There are some unusual toilets in the Netherlands. There are the famous "urinal flies" at Amsterdam's Schiphol Airport, glow-in-the-dark toilets at some of the famous Dutch coffeeshops, open-air urinals, and some German "inspection shelf" toilet bowls.
|Where is the toilet?||Waar is het toilet?|
Here is one of the most famous urinals in the world, those at Amsterdam's Schiphol Airport.
Someone, possibly a psychologist with an emphasis on urinary studies, determined that aim and therefore cleanliness improve with a target. So all the urinals have a small black fly in the target area.
The textbook Consumer Behaviour, Isabelle Szmigin and Maria Piacentini, Oxford Press, 2014, used my picture.New York Times article
This picture almost made it into the Sunday Business Section of the New York Times. I had received an e-mail from the art director of that section asking permission to use it. But he sent the message late on Wednesday, and had panicked by the time I saw the message and replied on Friday morning.
The article was "When Humans Need a Nudge Toward Rationality" by Jeff Sommer, in the 7 Feb 2009 issue.
"THE flies in the men's-room urinals of the Amsterdam airport have been enshrined in the academic literature on economics and psychology. The flies — images of flies, actually — were etched in the porcelain near the urinal drains in an experiment in human behavior. After the flies were added, 'spillage' on the men's-room floor fell by 80 percent. 'Men evidently like to aim at targets,' said Richard Thaler of the University of Chicago, an irreverent pioneer in the increasingly influential field of behavioral economics. Mr. Thaler says the flies are his favorite example of a 'nudge' — a harmless bit of engineering that manages to 'attract people's attention and alter their behavior in a positive way, without actually requiring anyone to do anything at all.'"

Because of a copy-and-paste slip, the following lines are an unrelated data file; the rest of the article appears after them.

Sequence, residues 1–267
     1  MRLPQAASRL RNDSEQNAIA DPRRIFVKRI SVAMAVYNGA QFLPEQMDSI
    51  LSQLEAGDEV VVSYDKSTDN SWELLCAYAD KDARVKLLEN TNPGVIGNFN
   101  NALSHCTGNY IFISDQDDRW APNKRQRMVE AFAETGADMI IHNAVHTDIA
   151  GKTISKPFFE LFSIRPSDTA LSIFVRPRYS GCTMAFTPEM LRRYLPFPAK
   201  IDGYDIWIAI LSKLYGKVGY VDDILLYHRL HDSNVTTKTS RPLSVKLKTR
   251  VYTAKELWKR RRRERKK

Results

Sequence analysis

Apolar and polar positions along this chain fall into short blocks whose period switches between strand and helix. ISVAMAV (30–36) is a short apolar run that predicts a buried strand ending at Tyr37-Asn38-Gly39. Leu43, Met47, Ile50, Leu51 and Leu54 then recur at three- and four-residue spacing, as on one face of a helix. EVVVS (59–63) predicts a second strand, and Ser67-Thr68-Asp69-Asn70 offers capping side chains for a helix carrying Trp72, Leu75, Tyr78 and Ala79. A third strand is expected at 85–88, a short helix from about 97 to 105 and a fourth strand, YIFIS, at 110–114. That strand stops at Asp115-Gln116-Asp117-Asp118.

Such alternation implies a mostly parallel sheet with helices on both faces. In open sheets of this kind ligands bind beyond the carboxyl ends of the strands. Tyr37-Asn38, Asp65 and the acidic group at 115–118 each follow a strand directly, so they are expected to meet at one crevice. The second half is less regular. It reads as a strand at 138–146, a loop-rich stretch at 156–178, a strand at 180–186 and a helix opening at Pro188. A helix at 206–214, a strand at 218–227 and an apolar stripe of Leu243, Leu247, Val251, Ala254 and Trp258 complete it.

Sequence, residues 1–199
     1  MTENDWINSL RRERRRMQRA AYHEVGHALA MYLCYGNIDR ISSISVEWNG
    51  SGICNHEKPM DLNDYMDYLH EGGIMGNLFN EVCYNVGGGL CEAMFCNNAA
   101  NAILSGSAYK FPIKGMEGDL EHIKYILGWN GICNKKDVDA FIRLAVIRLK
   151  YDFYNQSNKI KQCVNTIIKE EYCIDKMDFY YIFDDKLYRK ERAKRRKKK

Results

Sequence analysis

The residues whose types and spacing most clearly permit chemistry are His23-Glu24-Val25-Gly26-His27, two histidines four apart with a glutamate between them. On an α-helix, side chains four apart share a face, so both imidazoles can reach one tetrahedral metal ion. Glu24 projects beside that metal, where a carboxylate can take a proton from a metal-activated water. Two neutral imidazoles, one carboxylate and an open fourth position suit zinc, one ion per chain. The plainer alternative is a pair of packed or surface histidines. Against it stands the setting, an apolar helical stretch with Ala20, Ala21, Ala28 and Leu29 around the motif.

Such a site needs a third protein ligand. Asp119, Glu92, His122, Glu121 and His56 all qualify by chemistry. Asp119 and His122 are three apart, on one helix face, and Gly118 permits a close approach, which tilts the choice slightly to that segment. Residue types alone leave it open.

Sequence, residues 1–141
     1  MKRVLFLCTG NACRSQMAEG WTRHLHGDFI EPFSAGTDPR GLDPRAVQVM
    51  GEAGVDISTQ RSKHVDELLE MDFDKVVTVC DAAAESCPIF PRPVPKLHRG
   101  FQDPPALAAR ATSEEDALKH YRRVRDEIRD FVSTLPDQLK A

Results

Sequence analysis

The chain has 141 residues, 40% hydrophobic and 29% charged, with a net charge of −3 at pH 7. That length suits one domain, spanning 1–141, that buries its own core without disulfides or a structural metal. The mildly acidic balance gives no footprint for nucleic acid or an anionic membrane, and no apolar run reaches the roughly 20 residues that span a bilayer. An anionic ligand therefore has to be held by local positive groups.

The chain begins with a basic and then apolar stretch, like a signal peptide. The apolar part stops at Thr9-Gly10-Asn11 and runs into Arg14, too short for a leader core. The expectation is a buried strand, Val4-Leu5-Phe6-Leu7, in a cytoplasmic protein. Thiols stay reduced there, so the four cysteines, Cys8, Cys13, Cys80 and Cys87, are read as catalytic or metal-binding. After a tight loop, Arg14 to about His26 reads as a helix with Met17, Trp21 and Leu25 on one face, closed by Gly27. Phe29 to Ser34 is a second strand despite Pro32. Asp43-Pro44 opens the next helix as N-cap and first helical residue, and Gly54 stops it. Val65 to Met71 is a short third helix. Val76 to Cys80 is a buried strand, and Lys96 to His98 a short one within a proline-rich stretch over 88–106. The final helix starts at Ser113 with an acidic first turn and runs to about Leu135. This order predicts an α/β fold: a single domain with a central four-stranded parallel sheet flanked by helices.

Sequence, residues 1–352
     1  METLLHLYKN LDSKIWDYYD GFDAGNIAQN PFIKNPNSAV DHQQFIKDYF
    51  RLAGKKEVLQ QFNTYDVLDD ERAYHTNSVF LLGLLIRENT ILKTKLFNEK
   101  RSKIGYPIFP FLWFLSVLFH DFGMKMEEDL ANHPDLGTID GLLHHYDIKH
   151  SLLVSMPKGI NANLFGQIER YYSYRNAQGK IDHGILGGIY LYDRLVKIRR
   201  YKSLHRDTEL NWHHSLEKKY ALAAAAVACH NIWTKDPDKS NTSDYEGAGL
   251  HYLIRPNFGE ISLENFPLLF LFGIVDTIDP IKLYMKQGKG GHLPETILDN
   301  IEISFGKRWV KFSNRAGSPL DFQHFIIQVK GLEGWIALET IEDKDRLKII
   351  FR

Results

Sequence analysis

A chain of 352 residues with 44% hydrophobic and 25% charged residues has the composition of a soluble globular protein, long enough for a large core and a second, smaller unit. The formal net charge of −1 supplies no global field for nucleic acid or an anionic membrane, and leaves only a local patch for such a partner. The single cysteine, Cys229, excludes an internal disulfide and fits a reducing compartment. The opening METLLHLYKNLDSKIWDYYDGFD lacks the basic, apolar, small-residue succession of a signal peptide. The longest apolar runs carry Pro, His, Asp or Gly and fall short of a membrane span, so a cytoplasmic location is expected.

I've been told that Victorian-era English decorated urinals with pictures of bees. The genus containing most bees is Apis, the honey bee is Apis mellifera. That's quite close to "a piss", hence the pictures of bees.
The distinctive raised hemisphere shape is not unique to the special Schiphol design.
Here is the toilet facility at the Bulldog bar / cafe / coffeeshop in Amsterdam.
In the area of Amersterdam coffeeshop toilets, here is the glow-in-the-dark facility at the Homegrown Fantasy coffeeshop.
It's lit entirely by blacklight. Very psychedelic.
However, blacklight toilet illumination is generally done to prevent the use of intravenous drugs. You can't see your blood vessels under nothing but ultraviolet or just deep blue lighting.
Speaking of illicit drug use, see the blog article You Can Flush But You Can't Hide. It describes several research projects using wastewater-based epidemiology. They can detect which drugs are more commonly used in different cities, and variations in use during the week and in some cases during individual days.
The Netherlands is close enough to Germany to get some of their plumbing from there, including this Teutonic Inspection Shelf model at the Sphinx Hotel in Amsterdam.
Notice that the inspection shelf is in the rear and the exit is at the front.
Amsterdam has lots of open-air urinals. In some districts you find them on every corner.
These are the old design: a lead-covered vertical panel enclosed within a spiral steel screen.
Then there are the new ones, shown below.
They are a plastic pillar type design with a steel hook at the top to move them. And yes, this is all there is to it.